Measuring Up



weight: 3 | possible total: 12

3. Multiple Authorizers Available

3A. The state allows two or more authorizing options (e.g., school districts and a state charter schools commission) for each applicant with direct application to each authorizer.

How well do states’ laws align to this component of the model law?

State

Charter Law Description

Score

Alaska

Alaska law only provides one authorizing option for charter applications. First, the local school board must approve it. Second, the state board of education must approve it. There are 27 charter schools open in the state.

3

Arizona

Arizona law allows charter applicants to apply to a local school board (for schools only within their geographic boundaries), the Arizona State Board for Charter Schools (ASBCS), the state board of education, a university, a community college district, or a group of community college districts. However, the state board of education has a self-imposed moratorium on charter authorizing, so ASBCS currently oversees all schools approved by both state boards. There is considerable authorizing activity by local school boards, higher educational institutions, and the ASBCS.

12

Arkansas

Arkansas law requires conversion charter schools to be approved by the local school board and the state department of education. It allows new start-up charter school applications (known as open enrollment charter schools in the state) to be reviewed by the local school board prior to review by the state department of education. However, it provides that the local school board’s approval or denial has no binding effect on the state department’s decision.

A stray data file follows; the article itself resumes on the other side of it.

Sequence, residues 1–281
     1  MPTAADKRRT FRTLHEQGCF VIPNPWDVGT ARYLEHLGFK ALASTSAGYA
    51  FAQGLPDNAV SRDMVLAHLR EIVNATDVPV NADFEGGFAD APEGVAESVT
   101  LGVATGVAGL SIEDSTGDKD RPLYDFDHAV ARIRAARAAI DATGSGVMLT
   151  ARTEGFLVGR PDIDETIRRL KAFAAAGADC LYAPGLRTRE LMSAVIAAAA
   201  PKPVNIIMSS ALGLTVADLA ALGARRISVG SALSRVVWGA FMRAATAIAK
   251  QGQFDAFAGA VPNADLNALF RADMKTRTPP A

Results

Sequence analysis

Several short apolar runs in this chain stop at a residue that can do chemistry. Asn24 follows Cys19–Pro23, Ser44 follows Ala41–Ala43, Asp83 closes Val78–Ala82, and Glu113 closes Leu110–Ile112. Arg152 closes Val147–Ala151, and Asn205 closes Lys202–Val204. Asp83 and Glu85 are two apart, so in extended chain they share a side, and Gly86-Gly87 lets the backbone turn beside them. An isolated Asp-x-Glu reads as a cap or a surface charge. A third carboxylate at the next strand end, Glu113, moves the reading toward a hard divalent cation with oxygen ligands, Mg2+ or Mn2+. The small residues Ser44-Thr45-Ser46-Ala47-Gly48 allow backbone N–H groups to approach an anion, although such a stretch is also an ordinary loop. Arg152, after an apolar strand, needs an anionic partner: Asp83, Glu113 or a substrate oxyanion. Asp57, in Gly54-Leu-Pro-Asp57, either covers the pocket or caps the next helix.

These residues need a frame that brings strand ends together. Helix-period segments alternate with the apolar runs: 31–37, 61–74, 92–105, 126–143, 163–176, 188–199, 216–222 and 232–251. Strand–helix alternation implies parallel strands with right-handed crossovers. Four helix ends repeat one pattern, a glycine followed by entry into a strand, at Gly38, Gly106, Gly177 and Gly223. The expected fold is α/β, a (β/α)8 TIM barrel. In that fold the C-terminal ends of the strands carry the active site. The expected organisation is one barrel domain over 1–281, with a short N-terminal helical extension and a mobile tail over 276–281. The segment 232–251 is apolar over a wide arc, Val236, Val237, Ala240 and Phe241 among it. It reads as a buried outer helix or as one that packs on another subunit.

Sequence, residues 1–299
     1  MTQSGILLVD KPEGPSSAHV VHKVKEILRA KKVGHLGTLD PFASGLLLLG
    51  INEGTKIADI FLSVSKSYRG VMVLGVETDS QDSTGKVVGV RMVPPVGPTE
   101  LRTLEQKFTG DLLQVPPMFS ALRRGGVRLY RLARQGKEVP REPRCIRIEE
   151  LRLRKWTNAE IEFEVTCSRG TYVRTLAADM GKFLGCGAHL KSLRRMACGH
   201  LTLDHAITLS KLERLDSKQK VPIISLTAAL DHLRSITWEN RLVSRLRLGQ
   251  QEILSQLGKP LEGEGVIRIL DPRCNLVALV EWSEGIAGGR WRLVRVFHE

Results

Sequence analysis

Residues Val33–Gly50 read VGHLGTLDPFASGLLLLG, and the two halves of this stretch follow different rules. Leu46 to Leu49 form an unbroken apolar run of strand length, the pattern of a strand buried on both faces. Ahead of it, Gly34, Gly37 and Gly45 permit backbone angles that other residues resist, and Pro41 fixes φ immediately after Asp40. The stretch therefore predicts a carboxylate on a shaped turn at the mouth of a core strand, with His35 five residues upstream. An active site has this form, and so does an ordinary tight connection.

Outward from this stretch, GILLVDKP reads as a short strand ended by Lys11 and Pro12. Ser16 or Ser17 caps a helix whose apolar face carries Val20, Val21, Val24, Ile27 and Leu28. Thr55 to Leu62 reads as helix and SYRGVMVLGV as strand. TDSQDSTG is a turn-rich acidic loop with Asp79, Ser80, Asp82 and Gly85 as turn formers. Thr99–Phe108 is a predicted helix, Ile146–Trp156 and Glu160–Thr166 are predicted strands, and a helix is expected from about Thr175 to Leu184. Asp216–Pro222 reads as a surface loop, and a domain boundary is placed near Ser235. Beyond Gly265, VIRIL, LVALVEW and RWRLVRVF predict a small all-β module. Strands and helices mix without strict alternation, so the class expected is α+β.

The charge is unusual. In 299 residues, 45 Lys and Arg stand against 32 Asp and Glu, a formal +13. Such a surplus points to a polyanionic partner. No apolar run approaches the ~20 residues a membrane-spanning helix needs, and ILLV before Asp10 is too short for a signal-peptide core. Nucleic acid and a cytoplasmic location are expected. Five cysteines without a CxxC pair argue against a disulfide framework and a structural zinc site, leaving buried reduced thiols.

The law allows a charter applicant, public charter school, and affected school district to submit in writing a request that the state board review the final decision by the department. The law provides that the state board of education may exercise a right of review of a charter determination made by the department on a motion approved by a majority vote. If the state board votes to review a final decision made by the department, the state board may decide by majority vote of the quorum to affirm the decision of the department, take other lawful action on the public charter, or request additional information from the department, public charter school, public charter school applicant, or affected school district.

There are 39 charter schools open in the state.

3

California